Ammunition shortage delays police from getting bullets


Some police officers take their weapons to the range to qualify three or four times per year, but Richmond Police Lt. Louie Tirona has his officers shoot monthly. He buys the department's ammo, which can take nine to 12 months to get.

"We're having to alter our training to a certain degree to maintain the skill level we require of officers and that the community expects out of us," said Tirona.

And the increase in prices was sudden and jarring after last falls' presidential election. Tirona said a few years ago he could get duty ammo for $200 a case. Now it's $800 or $900. Practice ammunition prices are also through the roof. So his officers are doing more training without ammo.

"We'll do 5-10 repetitions without any ammunition so they get the mechanics down, and then we'll do several repetitions with live fire," said Tirona.

The department is also making more use of what some of us may think of as toys.

Officers are using an airsoft pistol -- just like the one you can buy in any sporting goods store -- to learn how to draw and shoot quickly. We were shown a replica gun that shoots a laser to help officers put the weapon on target. Tirona said officers training this way show no loss of skill.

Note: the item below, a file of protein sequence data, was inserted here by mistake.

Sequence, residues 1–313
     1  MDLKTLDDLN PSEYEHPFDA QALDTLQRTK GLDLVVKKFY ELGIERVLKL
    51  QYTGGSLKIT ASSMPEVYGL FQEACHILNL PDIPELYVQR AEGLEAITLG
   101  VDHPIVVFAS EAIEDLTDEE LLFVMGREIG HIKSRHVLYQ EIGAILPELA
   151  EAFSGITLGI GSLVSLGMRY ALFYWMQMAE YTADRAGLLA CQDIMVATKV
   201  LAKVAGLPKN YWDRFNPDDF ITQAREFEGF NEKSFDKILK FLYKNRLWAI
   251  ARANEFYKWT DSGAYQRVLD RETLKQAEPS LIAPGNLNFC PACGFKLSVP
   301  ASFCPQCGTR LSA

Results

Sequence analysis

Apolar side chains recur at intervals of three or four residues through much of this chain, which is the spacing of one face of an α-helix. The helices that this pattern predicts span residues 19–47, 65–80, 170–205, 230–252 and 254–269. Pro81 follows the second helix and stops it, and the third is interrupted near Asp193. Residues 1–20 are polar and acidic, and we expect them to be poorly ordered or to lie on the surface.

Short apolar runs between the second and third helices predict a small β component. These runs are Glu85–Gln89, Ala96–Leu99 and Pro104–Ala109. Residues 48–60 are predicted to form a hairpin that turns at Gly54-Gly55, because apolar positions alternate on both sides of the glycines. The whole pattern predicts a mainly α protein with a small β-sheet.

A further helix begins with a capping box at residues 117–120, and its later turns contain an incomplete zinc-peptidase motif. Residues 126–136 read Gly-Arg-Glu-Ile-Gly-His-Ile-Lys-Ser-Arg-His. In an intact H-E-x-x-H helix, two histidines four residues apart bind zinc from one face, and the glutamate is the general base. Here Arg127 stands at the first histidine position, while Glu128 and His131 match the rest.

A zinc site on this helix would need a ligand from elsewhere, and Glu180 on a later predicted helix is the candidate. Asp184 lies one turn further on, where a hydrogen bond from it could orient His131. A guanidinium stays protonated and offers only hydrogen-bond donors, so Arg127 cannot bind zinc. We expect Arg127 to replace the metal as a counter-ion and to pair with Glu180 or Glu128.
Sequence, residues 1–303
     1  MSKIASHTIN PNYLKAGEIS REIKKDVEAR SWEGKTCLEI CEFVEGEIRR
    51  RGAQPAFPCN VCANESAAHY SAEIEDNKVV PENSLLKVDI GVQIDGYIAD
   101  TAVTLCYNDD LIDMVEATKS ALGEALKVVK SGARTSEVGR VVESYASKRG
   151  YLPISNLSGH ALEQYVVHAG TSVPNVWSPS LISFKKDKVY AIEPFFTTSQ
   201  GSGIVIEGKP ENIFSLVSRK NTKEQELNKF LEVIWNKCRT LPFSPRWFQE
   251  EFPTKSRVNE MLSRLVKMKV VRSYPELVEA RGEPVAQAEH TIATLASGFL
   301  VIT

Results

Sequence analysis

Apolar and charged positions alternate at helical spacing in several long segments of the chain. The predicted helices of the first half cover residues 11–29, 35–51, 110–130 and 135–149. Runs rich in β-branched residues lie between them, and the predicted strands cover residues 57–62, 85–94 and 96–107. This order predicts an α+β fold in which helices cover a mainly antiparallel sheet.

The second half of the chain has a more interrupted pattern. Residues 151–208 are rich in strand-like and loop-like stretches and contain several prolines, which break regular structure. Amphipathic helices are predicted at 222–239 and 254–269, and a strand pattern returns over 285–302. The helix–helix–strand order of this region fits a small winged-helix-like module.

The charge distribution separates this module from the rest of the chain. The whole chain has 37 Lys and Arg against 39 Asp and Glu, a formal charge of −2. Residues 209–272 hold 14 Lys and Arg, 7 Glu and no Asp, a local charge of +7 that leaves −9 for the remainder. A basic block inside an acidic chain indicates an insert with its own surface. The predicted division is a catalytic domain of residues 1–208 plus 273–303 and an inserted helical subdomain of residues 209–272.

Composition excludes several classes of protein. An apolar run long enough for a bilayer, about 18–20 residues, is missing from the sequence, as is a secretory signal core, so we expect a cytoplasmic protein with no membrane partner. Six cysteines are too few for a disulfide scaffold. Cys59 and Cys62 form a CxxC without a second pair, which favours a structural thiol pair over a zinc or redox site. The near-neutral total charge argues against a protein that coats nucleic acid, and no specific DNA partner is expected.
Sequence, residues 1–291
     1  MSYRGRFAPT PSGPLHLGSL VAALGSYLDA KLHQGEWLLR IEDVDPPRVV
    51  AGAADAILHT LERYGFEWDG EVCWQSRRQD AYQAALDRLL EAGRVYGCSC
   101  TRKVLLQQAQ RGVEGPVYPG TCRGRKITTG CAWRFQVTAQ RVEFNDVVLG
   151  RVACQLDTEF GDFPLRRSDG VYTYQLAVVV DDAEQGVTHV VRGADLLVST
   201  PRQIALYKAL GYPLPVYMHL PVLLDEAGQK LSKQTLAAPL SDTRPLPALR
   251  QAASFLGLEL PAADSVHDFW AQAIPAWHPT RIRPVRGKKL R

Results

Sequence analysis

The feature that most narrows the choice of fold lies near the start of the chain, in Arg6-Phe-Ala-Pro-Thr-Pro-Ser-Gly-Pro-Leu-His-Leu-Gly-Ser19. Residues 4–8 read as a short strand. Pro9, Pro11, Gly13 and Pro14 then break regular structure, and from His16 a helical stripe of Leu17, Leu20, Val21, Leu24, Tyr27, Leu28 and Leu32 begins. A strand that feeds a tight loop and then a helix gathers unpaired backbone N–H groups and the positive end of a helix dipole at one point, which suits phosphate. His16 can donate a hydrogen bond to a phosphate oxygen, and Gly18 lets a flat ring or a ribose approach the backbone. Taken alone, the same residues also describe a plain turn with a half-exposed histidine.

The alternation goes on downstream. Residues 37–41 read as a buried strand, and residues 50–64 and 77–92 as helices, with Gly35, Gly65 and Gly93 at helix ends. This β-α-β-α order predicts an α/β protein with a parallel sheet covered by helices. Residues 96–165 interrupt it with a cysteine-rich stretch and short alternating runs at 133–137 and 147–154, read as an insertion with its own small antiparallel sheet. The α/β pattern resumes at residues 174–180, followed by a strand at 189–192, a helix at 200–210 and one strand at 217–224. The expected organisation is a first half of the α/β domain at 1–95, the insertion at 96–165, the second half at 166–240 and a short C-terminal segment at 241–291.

"Because we're trying to train smarter, their actual effectiveness is as high or even a little bit higher," said Tirona.

Tirona spends a lot of time on the Internet looking for bargains, and for now the department has just enough. But, for the recreational shooter, there are still shortages, some of it due to panic buying after president Obama was re-elected.

"The fear of new laws and regulations and restrictions, I think that really drove people to say, 'Hey I got to get it now before it's gone,'" said Kevin Anderson, president of the United Sportsman, Inc. shooting range in Concord.

United Sportsman tries to sell ammo at 10-percent over cost, when they can find it. Some competitors charge three times as much, but limited availability means limiting customers to two boxes per day. Anderson and Tirona both hope things will calm down over the next few months.

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